Greg Mortenson, CAI Slapped With Class Action Lawsuit, Offer Up A DefensePosted on the 09 May 2011 by Kungfujedi
As the Greg Mortenson/Tree Cups of Tea controversy continues to play out, there were two new developments late last week, that come to us courtesy of Outside Online, who have been doing an outstanding job of keeping the news coming from both sides of the discussion.
First up, on Friday, a class action lawsuit was filed against Mortenson and his non-profit organization the Central Asia Institute, in Missoula, Montana. The suit, which was brought up by state legislators Jean Price and Michele Reinhart, contends that Mortenson and CAI defrauded donors, as well as people who have purchased his books, by fabricating stories about his experiences, with the intention of making money. The lawsuit also cites that this has been an ongoing, and continually perpetrated, act that has resulted in millions of dollars being donated to the cause by people who believed Mortenson's stories, which have been called into question on a number of fronts in recent weeks.
As Outside points out, the class action lawsuit spells even more trouble for the author and CAI, who are already under a criminal investigation for potential racketeering. In this latest suit, which you can read here, Price and Reinhart call for CAI to be suspended as an organization, and have its funds administered by a third party organization that would continue its charitable work in Pakistan and Afghanistan.
But Mortenson and CAI have no intention of taking these allegations sitting down. In a separate story, Outside also noted that they have prepared a defense, which will be released in an annual report called "Journey of Hope." Typically, the report is released in November, and serves as a way of updating major sponsors and supports of CAI as to what is happening with the organization. But the 2011 edition of Journey of Hope is coming much sooner than that.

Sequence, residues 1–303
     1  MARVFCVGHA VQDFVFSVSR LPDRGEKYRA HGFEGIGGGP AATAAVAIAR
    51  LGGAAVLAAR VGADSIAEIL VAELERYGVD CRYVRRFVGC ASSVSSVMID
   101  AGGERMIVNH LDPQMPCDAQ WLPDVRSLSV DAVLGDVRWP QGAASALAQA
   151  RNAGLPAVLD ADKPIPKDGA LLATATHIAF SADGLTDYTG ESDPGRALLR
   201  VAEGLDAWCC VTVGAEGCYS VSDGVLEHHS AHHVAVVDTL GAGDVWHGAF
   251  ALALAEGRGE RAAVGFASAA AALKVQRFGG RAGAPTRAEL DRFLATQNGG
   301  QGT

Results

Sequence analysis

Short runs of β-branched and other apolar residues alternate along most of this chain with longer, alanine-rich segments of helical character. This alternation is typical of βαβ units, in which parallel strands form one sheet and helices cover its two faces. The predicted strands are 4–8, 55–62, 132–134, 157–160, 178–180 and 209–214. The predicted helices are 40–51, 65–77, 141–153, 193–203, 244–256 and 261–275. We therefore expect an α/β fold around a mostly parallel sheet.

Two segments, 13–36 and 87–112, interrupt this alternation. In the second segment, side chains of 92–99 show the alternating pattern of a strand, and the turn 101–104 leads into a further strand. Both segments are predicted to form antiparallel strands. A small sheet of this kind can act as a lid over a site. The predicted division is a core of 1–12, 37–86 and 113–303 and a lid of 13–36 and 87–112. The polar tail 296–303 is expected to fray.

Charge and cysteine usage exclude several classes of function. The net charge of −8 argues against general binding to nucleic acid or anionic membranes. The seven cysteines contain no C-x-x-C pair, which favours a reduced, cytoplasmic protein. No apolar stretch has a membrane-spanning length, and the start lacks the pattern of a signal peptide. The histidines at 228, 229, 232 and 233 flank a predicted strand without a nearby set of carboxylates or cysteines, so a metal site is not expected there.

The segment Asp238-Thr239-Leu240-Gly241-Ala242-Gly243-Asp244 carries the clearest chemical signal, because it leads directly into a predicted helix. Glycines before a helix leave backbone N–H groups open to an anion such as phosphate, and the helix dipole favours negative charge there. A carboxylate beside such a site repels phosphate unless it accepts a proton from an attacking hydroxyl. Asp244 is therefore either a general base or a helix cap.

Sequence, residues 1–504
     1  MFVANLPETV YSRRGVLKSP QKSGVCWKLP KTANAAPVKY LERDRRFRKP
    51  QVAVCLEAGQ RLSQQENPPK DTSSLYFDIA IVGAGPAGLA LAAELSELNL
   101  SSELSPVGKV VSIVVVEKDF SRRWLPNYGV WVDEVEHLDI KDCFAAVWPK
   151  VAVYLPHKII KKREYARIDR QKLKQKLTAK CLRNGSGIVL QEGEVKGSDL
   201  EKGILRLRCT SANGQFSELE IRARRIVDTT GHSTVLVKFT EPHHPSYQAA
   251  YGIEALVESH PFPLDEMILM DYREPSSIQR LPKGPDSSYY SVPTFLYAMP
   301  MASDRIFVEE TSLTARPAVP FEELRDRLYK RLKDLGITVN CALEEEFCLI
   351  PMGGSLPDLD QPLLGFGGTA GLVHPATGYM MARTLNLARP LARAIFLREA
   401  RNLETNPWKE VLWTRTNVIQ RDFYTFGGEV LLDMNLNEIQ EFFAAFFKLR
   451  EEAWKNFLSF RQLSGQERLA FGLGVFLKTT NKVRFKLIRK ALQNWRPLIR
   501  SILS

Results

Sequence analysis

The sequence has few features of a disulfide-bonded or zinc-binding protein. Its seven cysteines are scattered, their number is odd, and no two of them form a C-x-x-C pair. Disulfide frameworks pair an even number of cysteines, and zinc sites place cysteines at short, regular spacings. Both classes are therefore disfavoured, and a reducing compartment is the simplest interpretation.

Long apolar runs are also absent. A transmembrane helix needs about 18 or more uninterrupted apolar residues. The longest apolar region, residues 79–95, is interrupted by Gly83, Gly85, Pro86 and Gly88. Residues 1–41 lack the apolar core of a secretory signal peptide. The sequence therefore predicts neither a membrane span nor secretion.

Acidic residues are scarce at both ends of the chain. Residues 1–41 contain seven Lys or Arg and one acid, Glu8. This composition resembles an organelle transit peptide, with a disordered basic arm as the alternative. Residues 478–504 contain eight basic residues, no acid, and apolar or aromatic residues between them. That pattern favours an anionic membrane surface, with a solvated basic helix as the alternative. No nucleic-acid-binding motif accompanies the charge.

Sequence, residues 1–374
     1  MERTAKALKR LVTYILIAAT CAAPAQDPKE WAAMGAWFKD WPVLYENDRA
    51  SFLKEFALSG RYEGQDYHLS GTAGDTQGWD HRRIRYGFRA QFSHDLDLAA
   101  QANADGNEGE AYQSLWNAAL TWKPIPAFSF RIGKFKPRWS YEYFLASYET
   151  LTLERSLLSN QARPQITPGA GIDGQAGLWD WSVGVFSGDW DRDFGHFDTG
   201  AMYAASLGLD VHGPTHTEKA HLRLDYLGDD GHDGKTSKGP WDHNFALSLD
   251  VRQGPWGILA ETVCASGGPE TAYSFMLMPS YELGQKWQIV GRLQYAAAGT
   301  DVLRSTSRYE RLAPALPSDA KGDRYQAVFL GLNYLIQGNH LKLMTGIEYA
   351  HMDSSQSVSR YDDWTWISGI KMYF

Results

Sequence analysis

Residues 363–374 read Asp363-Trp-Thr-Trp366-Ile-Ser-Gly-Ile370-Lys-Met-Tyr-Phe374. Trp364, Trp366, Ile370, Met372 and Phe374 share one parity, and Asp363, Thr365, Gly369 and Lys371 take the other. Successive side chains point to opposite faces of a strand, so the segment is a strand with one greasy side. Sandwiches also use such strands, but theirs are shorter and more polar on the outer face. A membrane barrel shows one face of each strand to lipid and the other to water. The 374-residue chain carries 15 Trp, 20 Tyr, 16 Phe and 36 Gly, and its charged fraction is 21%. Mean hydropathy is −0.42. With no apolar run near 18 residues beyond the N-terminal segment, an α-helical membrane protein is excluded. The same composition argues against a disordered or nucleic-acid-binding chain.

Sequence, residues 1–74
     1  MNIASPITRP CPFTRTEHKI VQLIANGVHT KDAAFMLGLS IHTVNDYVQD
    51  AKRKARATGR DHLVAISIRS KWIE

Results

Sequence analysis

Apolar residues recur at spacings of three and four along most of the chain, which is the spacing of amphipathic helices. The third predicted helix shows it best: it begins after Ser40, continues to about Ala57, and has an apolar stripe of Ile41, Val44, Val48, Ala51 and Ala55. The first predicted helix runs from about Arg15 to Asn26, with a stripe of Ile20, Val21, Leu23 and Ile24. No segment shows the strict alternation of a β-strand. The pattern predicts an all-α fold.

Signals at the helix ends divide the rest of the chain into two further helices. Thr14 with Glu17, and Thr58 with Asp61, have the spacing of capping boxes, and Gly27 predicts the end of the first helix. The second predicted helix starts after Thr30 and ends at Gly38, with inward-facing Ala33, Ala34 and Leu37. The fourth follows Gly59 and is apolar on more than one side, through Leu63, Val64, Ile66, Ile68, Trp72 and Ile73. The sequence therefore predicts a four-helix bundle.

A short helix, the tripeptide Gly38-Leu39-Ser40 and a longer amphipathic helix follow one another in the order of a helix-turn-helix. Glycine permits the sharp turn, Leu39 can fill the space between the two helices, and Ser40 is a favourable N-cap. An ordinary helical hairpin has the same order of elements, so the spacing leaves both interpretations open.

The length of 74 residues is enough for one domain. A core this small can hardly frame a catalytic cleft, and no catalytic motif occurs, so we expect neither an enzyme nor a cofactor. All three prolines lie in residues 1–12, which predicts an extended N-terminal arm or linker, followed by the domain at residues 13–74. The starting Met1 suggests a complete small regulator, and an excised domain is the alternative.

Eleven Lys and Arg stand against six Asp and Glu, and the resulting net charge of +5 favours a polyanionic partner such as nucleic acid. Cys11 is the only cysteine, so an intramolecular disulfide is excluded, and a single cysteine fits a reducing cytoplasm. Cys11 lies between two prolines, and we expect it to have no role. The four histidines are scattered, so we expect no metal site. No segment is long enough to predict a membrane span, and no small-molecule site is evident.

The newsletter gives few direct responses to the recent allegations against Mortentson and his charitable arm. Instead, it offers some broad defenses, and highlights the good things that CAI has planned for the months ahead, including building as many as 60 new schools in Afghanistan this year alone, and launching a special education program designed for women and girls.
In the way of defense, the organization points to its 1996 charter in which it says that it not only will build schools but also do outreach programs to the public. One of the major charges against CAI is the millions it spends on promoting Mortenson and his books. It seems they are filing all of that under the very broad umbrella of public outreach. They also note that they've been the victim of embezzlement, which cost them a lot of money and failed to produce a number of schools, due in large part to a trusted, but highly corrupt employee.
All of this comes after 60 Minutes ran an expose on Mortenson a few weeks back, which questioned the truthfulness behind some of the stories in his books, and leveled allegations against the way that CAI is being managed and appropriating its funds. Since that time, there have been a number of people who have stepped forward to both defend and refute the author, who has admitted to taking some poetic license, at the very least, with some of his tales.
It'll be interesting to see how this all plays out in the long run. I've said it before when covering this topic, and I'll say it again. CAI has done a lot of great work in Pakistan and Afghanistan, and it is sad to all of that overshadowed by these stories and allegations. Hopefully, at some point down the line, the non-profit can get back to doing what it was intended to do, without dark clouds looming over head.
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